Imitate Your Big Brother

Kids and their dad

It is an indisputable fact that dads influence their kids — whether for good or bad. It occurs either through imitation or rebellion. That is, a child will pick up either how to act or how not to act based on the perception of his or her dad.

Jesus confirms that universal reality in his own family.  The familia Dei is the prototypical family, after all.

“Jesus said to them, ‘Truly, truly, I say to you, the Son can do nothing of his own accord, but only what he sees the Father doing. For whatever the Father does, that the Son does likewise'” (John 5:19).

Only, unlike the youngster who spills his cereal while watching dad eat, Jesus’ imitation of God the Father is flawless, “[he is] the exact imprint of his nature” (Heb. 1:3).

There is then, a common set of family characteristics within the familia Dei embodied in the Son of God, stemming from God the Father.

 

Little brothers and big brothers

Typically, the older the sibling, the more similar he or she

is to mom and dad. And so the copycatting moves down the generations: younger brothers imitate bigger brothers.

In the familia Dei, all eyes are on Jesus, the Elder Brother (Hebrews 2:11), for learning the family ways because “no one has ever seen God…[but Jesus] has made him known” (John 1:18; cf. Col. 1:15).

If an elder brother is imitating his father perfectly, then the younger brother is, in effect, imitating his father. And so, the Apostle Paul says, “be imitators of God, as beloved children” (Ephesians 5:1).

todler in mirror

You imitate a Person, not a list

Undoubtedly, such logic whets one’s thirst to simply imitate a list of the family characteristics of God. That would certainly make it easy. We could all imitate the list.

But imagine trying to create a list which comprehensively describes your family. You could tell someone that in your family interactions tend to be very sarcastic, indirect, but always friendly and caring. And that in your family, it is expected that the children carry their dishes to sink after dinner. And that hugs are common place.

Such a list may describe accurately certain characteristics of your family. But imagine someone who went solely off of that list and began interacting with your family. She could make plenty of sarcastic comments, carry her dishes to the sink, and give everyone a hug. But she would not really be reflecting your family.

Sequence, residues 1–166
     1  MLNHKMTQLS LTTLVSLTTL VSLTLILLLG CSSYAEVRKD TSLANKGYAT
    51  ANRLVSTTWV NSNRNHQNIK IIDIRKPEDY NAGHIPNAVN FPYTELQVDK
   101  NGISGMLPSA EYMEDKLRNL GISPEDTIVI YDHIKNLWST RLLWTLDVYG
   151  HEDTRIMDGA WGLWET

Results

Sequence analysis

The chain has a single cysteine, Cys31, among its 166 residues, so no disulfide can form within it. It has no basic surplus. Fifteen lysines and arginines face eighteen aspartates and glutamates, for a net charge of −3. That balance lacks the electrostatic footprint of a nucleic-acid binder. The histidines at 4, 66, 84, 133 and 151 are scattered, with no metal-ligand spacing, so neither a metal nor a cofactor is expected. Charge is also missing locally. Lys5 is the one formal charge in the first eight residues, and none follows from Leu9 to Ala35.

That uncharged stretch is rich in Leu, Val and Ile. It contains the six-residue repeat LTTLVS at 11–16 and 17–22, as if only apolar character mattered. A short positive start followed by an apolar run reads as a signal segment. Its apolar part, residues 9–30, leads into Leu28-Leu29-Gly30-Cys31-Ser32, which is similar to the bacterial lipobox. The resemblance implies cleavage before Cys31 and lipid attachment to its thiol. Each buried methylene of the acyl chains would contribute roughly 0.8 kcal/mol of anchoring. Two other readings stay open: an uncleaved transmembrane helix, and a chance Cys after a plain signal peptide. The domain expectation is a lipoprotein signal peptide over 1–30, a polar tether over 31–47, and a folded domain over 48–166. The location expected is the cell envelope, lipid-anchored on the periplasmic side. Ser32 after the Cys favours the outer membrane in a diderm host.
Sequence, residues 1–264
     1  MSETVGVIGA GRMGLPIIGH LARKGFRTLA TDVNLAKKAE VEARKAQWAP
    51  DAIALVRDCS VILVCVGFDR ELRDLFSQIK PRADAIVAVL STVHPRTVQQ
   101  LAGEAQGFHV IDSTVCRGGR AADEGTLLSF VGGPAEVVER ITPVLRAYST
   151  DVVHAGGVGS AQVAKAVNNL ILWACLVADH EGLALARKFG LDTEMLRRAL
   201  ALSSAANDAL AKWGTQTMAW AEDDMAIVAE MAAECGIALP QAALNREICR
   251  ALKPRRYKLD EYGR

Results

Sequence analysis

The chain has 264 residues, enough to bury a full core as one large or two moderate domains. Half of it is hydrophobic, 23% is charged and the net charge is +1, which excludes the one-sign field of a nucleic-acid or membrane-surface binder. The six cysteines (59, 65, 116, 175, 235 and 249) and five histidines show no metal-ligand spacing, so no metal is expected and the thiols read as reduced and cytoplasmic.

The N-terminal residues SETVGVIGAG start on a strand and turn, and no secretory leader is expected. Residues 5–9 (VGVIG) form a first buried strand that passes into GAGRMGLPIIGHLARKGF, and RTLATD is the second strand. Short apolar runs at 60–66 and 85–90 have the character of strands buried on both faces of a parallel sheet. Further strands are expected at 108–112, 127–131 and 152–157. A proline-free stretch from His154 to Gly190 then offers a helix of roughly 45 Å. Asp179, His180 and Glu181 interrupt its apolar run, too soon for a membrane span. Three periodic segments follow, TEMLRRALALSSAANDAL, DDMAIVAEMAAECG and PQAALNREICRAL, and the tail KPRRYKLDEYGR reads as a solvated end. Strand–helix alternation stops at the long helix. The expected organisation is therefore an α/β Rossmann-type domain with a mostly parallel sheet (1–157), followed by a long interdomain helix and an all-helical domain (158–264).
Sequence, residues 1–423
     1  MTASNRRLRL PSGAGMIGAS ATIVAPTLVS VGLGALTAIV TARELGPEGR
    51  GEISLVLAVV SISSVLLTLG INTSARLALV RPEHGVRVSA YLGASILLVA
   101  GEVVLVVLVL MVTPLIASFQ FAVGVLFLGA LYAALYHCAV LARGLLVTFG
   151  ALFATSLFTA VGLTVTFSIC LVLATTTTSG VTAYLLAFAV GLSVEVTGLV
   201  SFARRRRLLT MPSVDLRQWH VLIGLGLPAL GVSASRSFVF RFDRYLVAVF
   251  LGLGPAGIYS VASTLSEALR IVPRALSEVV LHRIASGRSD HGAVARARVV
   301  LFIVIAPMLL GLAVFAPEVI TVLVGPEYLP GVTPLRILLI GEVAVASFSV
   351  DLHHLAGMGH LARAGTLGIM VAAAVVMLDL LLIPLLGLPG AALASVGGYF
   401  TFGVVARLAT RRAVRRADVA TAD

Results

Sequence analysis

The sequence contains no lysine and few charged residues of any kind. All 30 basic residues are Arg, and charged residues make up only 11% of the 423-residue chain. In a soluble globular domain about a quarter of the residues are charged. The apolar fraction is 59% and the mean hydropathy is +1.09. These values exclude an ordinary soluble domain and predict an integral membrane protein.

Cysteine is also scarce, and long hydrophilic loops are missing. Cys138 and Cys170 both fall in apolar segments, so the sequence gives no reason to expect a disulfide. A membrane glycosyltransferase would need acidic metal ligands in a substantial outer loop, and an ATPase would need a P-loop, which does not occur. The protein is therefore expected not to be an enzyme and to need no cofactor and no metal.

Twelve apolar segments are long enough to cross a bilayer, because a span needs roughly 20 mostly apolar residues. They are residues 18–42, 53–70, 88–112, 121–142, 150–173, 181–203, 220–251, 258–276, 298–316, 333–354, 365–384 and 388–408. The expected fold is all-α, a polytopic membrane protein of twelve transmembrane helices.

Families are just more complicated than that.

The only way to really begin picking up on the subtleties of a family is to first be folded in despite the foreign-ness of your previously engrained ethos. The more time you spend in close proximity and the more regular the interactions, the more you begin to genuinely imitate the culture of the new family, largely unintentionally.

Learning the family ways

In the gospel, individuals are folded into the family of God despite his or her consistently alien behavior. Over time, an individual moves from beholding (or observing) the family dynamic to a full-fledged participation in it. All the while, “he who sanctifies and those who are sanctified have one origin [read: family]. That is why he [Jesus] is not ashamed to call them brothers” (Hebrews 2:11).

How were you taught to be like everyone else in your family? How about in your church?

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This entry was posted in familia Dei, Gospel, Jesus, Trinity and tagged , , , , . Bookmark the permalink.

One Response to Imitate Your Big Brother

  1. Evan says:

    I suppose Jesus is both our father and our brother?! We can’t go wrong with imitation in this family.

    However, don’t start imitating your brother P.

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